"SHOULD", "SHOULD NOT", "RECOMMENDED", "MAY", and "OPTIONAL" in this "SHOULD", "SHOULD NOT", "RECOMMENDED", "MAY", and "OPTIONAL" in this
document are to be interpreted as described in RFC-2119 [5]. document are to be interpreted as described in RFC-2119 [5].
This document consistently refers to a "message" as a complete unit This document consistently refers to a "message" as a complete unit
of MIME or text content. In some cases, a message is split and of MIME or text content. In some cases, a message is split and
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with an MSRP session to each of the participating endpoints. The with an MSRP session to each of the participating endpoints. The
rendezvous mechanism MUST implement mechanisms to provide these rendezvous mechanism MUST implement mechanisms to provide these
URLs securely - they MUST NOT be made available to an untrusted URLs securely - they MUST NOT be made available to an untrusted
third party or be easily discoverable. third party or be easily discoverable.
The rendezvous mechanism MUST provide mechanisms for the The rendezvous mechanism MUST provide mechanisms for the
negotiation of any supported MSRP extensions that are not negotiation of any supported MSRP extensions that are not
backwards compatible. backwards compatible.
The rendezvous mechanism MUST be able to natively transport im: The rendezvous mechanism MUST be able to natively transport im:
URIs or automatically translate im: URIs [25] into the addressing URIs or automatically translate im: URIs [27] into the addressing
identifiers of the rendezvous protocol. identifiers of the rendezvous protocol.
To use a rendezvous mechanism with MSRP, an RFC must be prepared To use a rendezvous mechanism with MSRP, an RFC must be prepared
describing how it exchanges MSRP URLs and meets these requirements describing how it exchanges MSRP URLs and meets these requirements
listed here. This document provides such a description for the use listed here. This document provides such a description for the use
of MSRP in the context of SIP and SDP. of MSRP in the context of SIP and SDP.
SIP meets these requirements for a rendezvous mechanism. The MSRP SIP meets these requirements for a rendezvous mechanism. The MSRP
URLs are exchanged using SDP in an offer/answer exchange via SIP. URLs are exchanged using SDP in an offer/answer exchange via SIP.
The exchanged SDP can also be used to negotiate MSRP extensions. The exchanged SDP can also be used to negotiate MSRP extensions.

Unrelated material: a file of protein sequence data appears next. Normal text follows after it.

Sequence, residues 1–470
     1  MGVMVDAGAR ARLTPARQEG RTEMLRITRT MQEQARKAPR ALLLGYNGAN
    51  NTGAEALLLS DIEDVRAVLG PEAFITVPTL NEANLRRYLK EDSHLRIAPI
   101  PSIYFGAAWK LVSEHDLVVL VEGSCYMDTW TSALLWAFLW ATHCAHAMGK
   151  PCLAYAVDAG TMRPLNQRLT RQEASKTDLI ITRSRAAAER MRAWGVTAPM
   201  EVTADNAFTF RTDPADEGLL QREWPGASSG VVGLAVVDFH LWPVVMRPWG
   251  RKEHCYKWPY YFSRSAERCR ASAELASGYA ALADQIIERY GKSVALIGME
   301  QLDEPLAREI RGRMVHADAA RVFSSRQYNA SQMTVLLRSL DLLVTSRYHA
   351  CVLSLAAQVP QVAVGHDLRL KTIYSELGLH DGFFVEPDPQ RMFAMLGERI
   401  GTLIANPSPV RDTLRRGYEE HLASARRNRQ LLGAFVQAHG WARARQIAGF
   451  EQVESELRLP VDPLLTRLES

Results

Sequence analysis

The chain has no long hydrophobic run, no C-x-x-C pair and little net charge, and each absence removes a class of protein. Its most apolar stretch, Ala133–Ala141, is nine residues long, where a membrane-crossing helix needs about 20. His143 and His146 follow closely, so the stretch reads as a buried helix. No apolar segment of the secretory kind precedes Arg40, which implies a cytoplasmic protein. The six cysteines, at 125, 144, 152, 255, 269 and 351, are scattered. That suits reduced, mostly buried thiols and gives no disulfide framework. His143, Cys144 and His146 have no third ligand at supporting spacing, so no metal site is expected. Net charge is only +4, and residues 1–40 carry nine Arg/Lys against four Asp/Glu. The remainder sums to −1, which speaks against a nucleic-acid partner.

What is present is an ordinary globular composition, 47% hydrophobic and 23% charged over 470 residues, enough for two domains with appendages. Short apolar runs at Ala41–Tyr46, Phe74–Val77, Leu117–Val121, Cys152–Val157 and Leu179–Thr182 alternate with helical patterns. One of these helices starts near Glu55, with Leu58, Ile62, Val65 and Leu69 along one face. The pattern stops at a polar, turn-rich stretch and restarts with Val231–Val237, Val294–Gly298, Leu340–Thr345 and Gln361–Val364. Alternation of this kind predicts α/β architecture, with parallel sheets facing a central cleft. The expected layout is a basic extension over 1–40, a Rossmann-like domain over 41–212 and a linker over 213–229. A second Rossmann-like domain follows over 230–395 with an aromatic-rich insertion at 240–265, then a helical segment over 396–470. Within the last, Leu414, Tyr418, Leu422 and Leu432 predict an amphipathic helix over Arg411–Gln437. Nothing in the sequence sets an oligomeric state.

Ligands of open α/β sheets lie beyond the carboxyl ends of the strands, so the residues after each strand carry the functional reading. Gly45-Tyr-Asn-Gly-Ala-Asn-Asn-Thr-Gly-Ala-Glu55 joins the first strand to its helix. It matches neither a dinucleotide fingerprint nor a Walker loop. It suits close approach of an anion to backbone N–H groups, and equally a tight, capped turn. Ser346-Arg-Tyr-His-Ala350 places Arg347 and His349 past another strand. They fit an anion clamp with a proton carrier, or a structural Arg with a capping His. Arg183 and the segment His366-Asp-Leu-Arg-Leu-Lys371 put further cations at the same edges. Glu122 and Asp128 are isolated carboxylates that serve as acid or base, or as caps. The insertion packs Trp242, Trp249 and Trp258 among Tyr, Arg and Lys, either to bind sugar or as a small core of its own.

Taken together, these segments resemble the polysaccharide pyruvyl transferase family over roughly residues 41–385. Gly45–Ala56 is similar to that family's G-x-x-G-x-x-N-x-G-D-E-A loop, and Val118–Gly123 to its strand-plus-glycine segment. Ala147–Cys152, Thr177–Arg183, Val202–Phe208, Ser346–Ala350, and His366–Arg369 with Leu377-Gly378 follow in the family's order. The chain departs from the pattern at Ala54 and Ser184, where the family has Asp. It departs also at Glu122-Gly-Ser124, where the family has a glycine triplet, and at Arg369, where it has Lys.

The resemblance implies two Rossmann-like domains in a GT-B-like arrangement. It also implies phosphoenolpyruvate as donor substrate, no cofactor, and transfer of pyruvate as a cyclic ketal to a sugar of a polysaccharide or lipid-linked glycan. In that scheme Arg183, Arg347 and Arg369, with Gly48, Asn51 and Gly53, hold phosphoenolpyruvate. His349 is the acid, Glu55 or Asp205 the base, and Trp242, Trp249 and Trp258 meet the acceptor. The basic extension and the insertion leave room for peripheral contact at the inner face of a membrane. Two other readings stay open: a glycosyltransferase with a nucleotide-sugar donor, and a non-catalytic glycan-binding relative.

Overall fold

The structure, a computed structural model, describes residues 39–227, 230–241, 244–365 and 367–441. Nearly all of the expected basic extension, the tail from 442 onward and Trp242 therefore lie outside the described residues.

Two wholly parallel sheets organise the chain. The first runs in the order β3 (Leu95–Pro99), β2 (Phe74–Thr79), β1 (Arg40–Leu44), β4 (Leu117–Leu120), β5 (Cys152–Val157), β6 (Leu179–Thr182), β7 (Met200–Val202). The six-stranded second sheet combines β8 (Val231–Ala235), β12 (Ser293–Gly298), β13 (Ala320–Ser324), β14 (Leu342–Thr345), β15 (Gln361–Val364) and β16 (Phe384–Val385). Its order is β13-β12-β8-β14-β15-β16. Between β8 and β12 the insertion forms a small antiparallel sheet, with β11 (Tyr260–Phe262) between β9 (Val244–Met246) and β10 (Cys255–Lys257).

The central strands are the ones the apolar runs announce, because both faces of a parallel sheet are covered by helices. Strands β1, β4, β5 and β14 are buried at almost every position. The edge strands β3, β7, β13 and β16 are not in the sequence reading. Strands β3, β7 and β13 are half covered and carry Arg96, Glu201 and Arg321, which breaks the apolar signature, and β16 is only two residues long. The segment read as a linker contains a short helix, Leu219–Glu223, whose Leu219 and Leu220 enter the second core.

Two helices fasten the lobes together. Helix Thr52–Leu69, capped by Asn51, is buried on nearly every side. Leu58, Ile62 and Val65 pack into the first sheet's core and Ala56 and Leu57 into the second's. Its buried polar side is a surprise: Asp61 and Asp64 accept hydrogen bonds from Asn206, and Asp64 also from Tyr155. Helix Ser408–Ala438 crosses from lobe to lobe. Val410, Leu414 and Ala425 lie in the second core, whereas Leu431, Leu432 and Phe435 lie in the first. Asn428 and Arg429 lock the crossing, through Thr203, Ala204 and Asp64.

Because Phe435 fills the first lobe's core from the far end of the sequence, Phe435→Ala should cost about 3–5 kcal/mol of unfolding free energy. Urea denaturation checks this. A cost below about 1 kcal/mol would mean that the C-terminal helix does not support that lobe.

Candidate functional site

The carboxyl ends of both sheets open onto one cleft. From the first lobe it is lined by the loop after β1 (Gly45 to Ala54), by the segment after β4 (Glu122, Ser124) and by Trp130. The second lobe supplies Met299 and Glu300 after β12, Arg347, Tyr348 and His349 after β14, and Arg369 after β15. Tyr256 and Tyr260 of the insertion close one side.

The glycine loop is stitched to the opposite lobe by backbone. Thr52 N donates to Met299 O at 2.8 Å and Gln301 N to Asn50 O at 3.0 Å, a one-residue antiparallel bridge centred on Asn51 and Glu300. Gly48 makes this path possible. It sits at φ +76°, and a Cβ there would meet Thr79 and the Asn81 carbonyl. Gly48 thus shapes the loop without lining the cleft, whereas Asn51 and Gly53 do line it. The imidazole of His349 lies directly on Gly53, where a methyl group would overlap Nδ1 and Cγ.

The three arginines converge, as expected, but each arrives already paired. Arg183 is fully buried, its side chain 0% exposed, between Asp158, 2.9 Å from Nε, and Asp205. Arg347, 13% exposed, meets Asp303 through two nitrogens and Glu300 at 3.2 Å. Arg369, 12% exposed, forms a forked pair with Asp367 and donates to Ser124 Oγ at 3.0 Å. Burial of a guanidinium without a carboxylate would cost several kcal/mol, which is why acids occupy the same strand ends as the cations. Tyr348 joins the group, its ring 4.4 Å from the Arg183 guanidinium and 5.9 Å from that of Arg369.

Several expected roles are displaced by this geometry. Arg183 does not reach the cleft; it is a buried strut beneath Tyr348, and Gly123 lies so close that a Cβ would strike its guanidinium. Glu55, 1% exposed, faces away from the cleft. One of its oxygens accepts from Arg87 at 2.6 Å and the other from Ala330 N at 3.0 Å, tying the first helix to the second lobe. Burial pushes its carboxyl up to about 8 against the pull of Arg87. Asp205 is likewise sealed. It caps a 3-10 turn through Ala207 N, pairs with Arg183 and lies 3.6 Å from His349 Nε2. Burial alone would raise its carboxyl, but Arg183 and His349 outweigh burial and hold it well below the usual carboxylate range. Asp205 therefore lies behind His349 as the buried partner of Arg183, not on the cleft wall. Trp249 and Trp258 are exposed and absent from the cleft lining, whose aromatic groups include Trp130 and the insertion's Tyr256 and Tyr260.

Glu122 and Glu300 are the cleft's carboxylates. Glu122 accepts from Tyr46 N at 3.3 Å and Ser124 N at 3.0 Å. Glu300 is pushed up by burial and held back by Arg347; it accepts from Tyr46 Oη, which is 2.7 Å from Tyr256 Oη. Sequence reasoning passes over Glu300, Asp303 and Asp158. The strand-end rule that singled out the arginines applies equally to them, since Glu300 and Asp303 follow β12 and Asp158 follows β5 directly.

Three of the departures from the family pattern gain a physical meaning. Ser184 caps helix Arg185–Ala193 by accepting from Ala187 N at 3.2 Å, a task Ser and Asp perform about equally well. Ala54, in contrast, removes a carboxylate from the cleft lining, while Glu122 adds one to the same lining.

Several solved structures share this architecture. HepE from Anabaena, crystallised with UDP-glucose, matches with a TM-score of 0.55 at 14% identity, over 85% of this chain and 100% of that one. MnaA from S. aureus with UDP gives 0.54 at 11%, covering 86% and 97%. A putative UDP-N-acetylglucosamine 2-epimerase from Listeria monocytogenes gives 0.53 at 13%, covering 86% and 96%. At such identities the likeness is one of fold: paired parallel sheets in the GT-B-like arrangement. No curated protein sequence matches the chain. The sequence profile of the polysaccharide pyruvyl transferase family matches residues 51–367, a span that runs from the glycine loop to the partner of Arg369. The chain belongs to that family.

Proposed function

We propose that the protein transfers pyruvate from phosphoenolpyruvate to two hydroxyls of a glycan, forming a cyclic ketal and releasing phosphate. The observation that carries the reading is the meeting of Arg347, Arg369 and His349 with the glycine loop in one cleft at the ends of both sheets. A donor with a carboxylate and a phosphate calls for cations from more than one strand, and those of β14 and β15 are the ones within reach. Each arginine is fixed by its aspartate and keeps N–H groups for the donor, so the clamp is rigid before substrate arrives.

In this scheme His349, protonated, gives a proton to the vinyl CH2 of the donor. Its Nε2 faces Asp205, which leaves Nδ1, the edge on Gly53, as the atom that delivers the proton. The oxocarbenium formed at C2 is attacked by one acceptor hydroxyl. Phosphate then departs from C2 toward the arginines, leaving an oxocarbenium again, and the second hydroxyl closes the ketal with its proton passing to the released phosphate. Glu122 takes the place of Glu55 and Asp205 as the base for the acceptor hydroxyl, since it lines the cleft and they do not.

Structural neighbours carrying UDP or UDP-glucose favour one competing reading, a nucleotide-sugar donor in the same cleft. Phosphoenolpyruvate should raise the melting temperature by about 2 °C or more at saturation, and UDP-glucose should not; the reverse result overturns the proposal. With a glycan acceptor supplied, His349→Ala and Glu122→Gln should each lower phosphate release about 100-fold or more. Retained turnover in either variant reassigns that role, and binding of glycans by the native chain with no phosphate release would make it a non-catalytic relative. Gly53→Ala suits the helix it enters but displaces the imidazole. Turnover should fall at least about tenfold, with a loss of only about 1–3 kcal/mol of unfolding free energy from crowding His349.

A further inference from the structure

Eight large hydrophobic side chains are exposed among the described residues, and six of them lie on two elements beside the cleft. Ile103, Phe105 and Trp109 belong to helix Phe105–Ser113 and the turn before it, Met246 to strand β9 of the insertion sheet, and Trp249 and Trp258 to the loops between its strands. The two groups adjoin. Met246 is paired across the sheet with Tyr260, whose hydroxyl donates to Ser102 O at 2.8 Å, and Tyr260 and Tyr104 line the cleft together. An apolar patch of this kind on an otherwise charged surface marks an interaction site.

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including using the sips mechanism to ensure transport security including using the sips mechanism to ensure transport security
across intermediaries and S/MIME for end-to-end protection of the SDP across intermediaries and S/MIME for end-to-end protection of the SDP
entity. SIP can carry arbitrary URIs (including im: URIs) in the entity. SIP can carry arbitrary URIs (including im: URIs) in the
Request-URI, and procedures are available to map im: URIs to sip: or Request-URI, and procedures are available to map im: URIs to sip: or
sips: URIs. It is expected that initial deployments of MSRP will use sips: URIs. It is expected that initial deployments of MSRP will use
SIP as its rendezvous mechanism. SIP as its rendezvous mechanism.
4. Protocol Overview 4. Protocol Overview
MSRP is a text-based, connection-oriented protocol for exchanging MSRP is a text-based, connection-oriented protocol for exchanging
arbitrary (binary) MIME content, especially instant messages. This arbitrary (binary) MIME[8] content, especially instant messages.
section is a non-normative overview of how MSRP works and how it is This section is a non-normative overview of how MSRP works and how it
used with SIP. is used with SIP.
MSRP sessions are typically arranged using SIP the same way a session MSRP sessions are typically arranged using SIP the same way a session
of audio or video media is set up. One SIP user agent (Alice) sends of audio or video media is set up. One SIP user agent (Alice) sends
the other (Bob) a SIP invitation containing an offered session- the other (Bob) a SIP invitation containing an offered session-
description which includes a session of MSRP. The receiving SIP user description which includes a session of MSRP. The receiving SIP user
agent can accept the invitation and include an answer session- agent can accept the invitation and include an answer session-
description which acknowledges the choice of media. Alice's session description which acknowledges the choice of media. Alice's session
description contains an MSRP URL that describes where she is willing description contains an MSRP URL that describes where she is willing
to receive MSRP requests from Bob, and vice-versa. (Note: Some lines to receive MSRP requests from Bob, and vice-versa. (Note: Some lines
in the examples are removed for clarity and brevity.) in the examples are removed for clarity and brevity.)
skipping to change at page 10, line 25 skipping to change at page 10, line 25
Byte-Range: 5-8/8 Byte-Range: 5-8/8
Content-Type: text/plain Content-Type: text/plain
EFGH EFGH
-------dkei38ia$ -------dkei38ia$
This chunking mechanism allows a sender to interrupt a chunk part of This chunking mechanism allows a sender to interrupt a chunk part of
the way through sending it. The ability to interrupt messages allows the way through sending it. The ability to interrupt messages allows
multiple sessions to share a TCP connection, and for large messages multiple sessions to share a TCP connection, and for large messages
to be sent efficiently while not blocking other messages that share to be sent efficiently while not blocking other messages that share
the same connection. Any chunk that is larger than 2048 octets MUST the same connection, or even the same MSRP session. Any chunk that